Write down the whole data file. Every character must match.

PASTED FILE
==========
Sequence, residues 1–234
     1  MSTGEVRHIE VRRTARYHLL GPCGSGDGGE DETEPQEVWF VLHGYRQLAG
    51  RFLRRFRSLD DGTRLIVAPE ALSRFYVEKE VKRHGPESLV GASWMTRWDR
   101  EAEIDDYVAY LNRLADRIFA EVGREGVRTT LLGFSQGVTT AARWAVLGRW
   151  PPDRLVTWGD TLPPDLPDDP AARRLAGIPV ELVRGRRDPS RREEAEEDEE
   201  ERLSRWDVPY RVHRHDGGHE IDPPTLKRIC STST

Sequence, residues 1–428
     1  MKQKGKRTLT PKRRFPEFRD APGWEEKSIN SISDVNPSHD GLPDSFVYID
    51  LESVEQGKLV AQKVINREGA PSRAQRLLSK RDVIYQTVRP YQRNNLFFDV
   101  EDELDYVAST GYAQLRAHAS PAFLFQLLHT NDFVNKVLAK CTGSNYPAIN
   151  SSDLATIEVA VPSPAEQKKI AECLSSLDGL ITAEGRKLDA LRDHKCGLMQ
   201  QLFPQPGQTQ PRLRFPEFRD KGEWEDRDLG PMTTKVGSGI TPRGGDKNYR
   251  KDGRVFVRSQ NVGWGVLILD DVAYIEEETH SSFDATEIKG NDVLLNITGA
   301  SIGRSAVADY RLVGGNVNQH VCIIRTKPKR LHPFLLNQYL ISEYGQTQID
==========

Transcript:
Sequence, residues 1–234
     1  MSTGEVRHIE VRRTARYHLL GPCGSGDGGE DETEPQEVWF VLHGYRQLAG
    51  RFLRRFRSLD DGTRLIVAPE ALSRFYVEKE VKRHGPESLV GASWMTRWDR
   101  EAEIDDYVAY LNRLADRIFA EVGREGVRTT LLGFSQGVTT AARWAVLGRW
   151  PPDRLVTWGD TLPPDLPDDP AARRLAGIPV ELVRGRRDPS RREEAEEDEE
   201  ERLSRWDVPY RVHRHDGGHE IDPPTLKRIC STST

Sequence, residues 1–428
     1  MKQKGKRTLT PKRRFPEFRD APGWEEKSIN SISDVNPSHD GLPDSFVYID
    51  LESVEQGKLV AQKVINREGA PSRAQRLLSK RDVIYQTVRP YQRNNLFFDV
   101  EDELDYVAST GYAQLRAHAS PAFLFQLLHT NDFVNKVLAK CTGSNYPAIN
   151  SSDLATIEVA VPSPAEQKKI AECLSSLDGL ITAEGRKLDA LRDHKCGLMQ
   201  QLFPQPGQTQ PRLRFPEFRD KGEWEDRDLG PMTTKVGSGI TPRGGDKNYR
   251  KDGRVFVRSQ NVGWGVLILD DVAYIEEETH SSFDATEIKG NDVLLNITGA
   301  SIGRSAVADY RLVGGNVNQH VCIIRTKPKR LHPFLLNQYL ISEYGQTQID